I realized, of course, when I had replied as I did that last time, that it could have this effect. I was sure of my higher moral ground, within the bosom of The Lifestream Way, and did not care what he felt. If he thought badly of me, I rationalized, well, he was not enlightened and had not found the true way. I was as smug as the most vehement Christian zealot. Uggh!

Today, having gotten his address from the internet, hoping he is still in adequate health, I sent him a holidays card, with a copy of the last issue of "Wagnerian Express," plus a short note: "It is high time I apologized for my arrogance of so many years ago. I'm sorry. I hope the passage of time has been kind to you. I made several friends in that Lifestream Way group in which I was involved, but eventually left it." I felt this needed to be said. It should have been said a long time ago.

I have no expectation of a reply. Ironically, except for relatives, Harry has probably had more effect on me than anyone in my life. That effect has not gone away simply because I rejected an opportunity to have done him a favor, and thus so foolishly ended a relationship.

12/24/99-Fri.(Christmas Eve)-Because of the way the holidays both fall on weekends this year, I get off a minimal amount for them, just today and half of next Friday. I could take extra leave but have chosen not to, saving it for a better time.

It is a relatively low-key time. Frances's folks, Linda and Mike, arrived Wed. afternoon and are staying through some time on Sun., 12/26. This is their first visit with us over Christmas, indeed, their first visit together at our place. Fran's Mom had been her here in Austin, several months before Fran and I got married, and we first met then, about fifteen years ago.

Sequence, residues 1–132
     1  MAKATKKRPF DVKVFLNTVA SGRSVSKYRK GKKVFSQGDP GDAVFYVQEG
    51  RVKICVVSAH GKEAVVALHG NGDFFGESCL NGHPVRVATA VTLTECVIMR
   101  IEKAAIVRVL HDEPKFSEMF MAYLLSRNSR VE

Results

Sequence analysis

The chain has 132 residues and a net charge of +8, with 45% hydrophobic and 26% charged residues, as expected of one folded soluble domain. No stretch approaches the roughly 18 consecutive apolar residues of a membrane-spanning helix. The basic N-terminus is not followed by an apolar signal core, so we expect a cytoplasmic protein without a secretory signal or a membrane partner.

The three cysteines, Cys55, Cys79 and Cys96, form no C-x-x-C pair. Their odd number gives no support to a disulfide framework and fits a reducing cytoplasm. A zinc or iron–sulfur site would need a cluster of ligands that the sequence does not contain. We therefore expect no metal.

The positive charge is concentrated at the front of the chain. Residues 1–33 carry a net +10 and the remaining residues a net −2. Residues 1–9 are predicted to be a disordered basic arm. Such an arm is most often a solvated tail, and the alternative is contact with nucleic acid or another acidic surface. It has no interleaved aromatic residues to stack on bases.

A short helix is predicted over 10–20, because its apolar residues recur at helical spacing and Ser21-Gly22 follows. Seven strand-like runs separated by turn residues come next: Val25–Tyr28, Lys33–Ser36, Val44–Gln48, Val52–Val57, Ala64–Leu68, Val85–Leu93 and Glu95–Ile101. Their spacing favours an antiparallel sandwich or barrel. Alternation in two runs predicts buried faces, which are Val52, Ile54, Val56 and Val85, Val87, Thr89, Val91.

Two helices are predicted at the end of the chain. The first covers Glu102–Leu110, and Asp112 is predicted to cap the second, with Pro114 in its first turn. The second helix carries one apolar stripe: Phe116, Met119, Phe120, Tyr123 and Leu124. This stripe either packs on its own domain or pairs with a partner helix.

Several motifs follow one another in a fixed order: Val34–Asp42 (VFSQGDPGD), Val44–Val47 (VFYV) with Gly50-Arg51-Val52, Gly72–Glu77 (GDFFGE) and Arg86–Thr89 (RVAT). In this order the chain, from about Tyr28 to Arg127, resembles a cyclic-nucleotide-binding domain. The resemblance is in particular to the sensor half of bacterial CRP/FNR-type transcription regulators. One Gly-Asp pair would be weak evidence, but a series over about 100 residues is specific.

She had also visited us on her own about ten years ago, at our present residence. Mike came this time perhaps only because they now have a large RV, which makes the trip more comfortable than it could otherwise be, especially in the late evening and at night. We're all having a fairly pleasant time together, doing about half what we might have fit in during this period, but getting in lots of rest and relaxation.

12/26/99-Sun.-(9 AM) Sipping coffee and munching a donut at H.E.B., after a walk with Pepper, near Barnes and Noble. Was up today about 6:30 AM. Linda and Mike got underway in their RV, heading home to Florida, about an hour later. They intend to spend their first night at Sea Rim State Park, a seashore/marsh wildlife preserve and bird sanctuary near Port Arthur, Texas. (Fran and I have spent several pleasant vacation days and nights there.)